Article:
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Incidence of Displacement After Nondisplaced Distal Radial Fractures in Adults
Kevin M. Roth, MD1; Philip E. Blazar, MD1; Brandon E. Earp, MD1; Roger Han, MD1; Albert Leung, BS1
1 Department of Orthopaedic Surgery (K.M.R., P.E.B., B.E.E., and A.L.) and the Division of Musculoskeletal Imaging and Intervention, Department of Radiology (R.H.), Brigham and Women’s Hospital, 75 Francis Street, Boston, MA 02115.
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Investigation performed at the Departments of Orthopaedic Surgery and Radiology, Brigham and Women’s Hospital, Boston, Massachusetts

Disclosure: None of the authors received payments or services, either directly or indirectly (i.e., via his or her institution), from a third party in support of any aspect of this work. One or more of the authors, or his or her institution, has had a financial relationship, in the thirty-six months prior to submission of this work, with an entity in the biomedical arena that could be perceived to influence or have the potential to influence what is written in this work. No author has had any other relationships, or has engaged in any other activities, that could be perceived to influence or have the potential to influence what is written in this work. The complete Disclosures of Potential Conflicts of Interest submitted by authors are always provided with the online version of the article.

Copyright © 2013 by The Journal of Bone and Joint Surgery, Inc.
J Bone Joint Surg Am, 2013 Aug 07;95(15):1398-1402. doi: 10.2106/JBJS.L.00460
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It is standard practice to closely monitor distal radial fractures treated nonoperatively to ensure that there is no fracture displacement. Patients are often asked to initially return weekly for radiographs. To our knowledge, nondisplaced distal radial fractures in adults have not been specifically evaluated to determine if this level of vigilance is required. If this subset of fractures is unlikely to displace, the cost, radiation exposure, and inconvenience of weekly office visits could be spared.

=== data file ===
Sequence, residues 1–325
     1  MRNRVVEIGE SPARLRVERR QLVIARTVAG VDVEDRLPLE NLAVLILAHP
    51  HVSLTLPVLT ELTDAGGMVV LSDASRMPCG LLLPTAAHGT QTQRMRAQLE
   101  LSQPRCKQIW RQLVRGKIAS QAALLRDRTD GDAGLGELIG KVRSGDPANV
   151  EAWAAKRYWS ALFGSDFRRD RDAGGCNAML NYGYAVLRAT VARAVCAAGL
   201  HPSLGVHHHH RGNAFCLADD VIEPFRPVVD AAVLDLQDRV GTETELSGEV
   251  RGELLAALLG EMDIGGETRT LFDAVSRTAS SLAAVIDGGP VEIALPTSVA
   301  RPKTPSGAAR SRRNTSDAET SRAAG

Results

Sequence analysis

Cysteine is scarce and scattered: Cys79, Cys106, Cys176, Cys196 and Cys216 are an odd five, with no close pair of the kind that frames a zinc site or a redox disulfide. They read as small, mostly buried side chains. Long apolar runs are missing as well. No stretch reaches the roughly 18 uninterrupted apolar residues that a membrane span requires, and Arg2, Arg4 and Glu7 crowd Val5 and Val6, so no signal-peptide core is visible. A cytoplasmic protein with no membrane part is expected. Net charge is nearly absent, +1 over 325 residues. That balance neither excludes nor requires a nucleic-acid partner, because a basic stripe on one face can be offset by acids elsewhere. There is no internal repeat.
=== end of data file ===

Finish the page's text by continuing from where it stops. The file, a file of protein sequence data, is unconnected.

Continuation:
Using our billing database, we identified 642 closed distal radial fractures among the patients who presented to our institution during the four-year period from the beginning of 2006 to the end of 2009. Radiographs of the injuries were reviewed to identify fractures for which radiographic measurements were within predefined radiographic norms. Only those fractures that were believed to be nondisplaced by all reviewers were classified as nondisplaced for the purposes of this study. Radiographic measurements were made at the time of injury and at the time of fracture union to evaluate for displacement over time. The total number of clinic visits and radiographs that were received were calculated from the longitudinal medical record for each patient.


Eighty-two fractures were identified as nondisplaced. None displaced or required operative intervention. The largest measured difference from injury to fracture union for radial inclination was 3.6° (average 0.8°); for radial height, 2.1 mm (average 0.5 mm); and for palmar tilt, 3.1° (average 1.0°). These numbers are all within the error of measurement.


Nondisplaced distal radial fractures in adults appear to be inherently stable, and it may be appropriate to treat this subset of distal radial fractures with cast immobilization (when swelling allows) and a single follow-up visit with radiographs to document union at the time of cast removal.

Level of Evidence: 

Prognostic Level III. See Instructions for Authors for a complete description of levels of evidence.

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    These activities have been planned and implemented in accordance with the Essential Areas and policies of the Accreditation Council for Continuing Medical Education (ACCME) through the joint sponsorship of the American Academy of Orthopaedic Surgeons and The Journal of Bone and Joint Surgery, Inc. The American Academy of Orthopaedic Surgeons is accredited by the ACCME to provide continuing medical education for physicians.
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